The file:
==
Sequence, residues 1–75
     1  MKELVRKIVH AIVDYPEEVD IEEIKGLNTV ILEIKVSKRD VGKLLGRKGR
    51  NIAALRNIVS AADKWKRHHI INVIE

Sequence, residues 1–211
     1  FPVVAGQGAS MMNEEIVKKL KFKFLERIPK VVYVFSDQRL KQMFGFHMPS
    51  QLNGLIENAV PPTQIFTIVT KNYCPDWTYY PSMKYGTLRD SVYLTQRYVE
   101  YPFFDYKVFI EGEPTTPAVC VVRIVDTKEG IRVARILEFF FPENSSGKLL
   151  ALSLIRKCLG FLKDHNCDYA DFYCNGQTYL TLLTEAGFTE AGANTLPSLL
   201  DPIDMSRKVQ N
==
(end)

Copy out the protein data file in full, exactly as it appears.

Sequence, residues 1–75
     1  MKELVRKIVH AIVDYPEEVD IEEIKGLNTV ILEIKVSKRD VGKLLGRKGR
    51  NIAALRNIVS AADKWKRHHI INVIE

Sequence, residues 1–211
     1  FPVVAGQGAS MMNEEIVKKL KFKFLERIPK VVYVFSDQRL KQMFGFHMPS
    51  QLNGLIENAV PPTQIFTIVT KNYCPDWTYY PSMKYGTLRD SVYLTQRYVE
   101  YPFFDYKVFI EGEPTTPAVC VVRIVDTKEG IRVARILEFF FPENSSGKLL
   151  ALSLIRKCLG FLKDHNCDYA DFYCNGQTYL TLLTEAGFTE AGANTLPSLL
   201  DPIDMSRKVQ N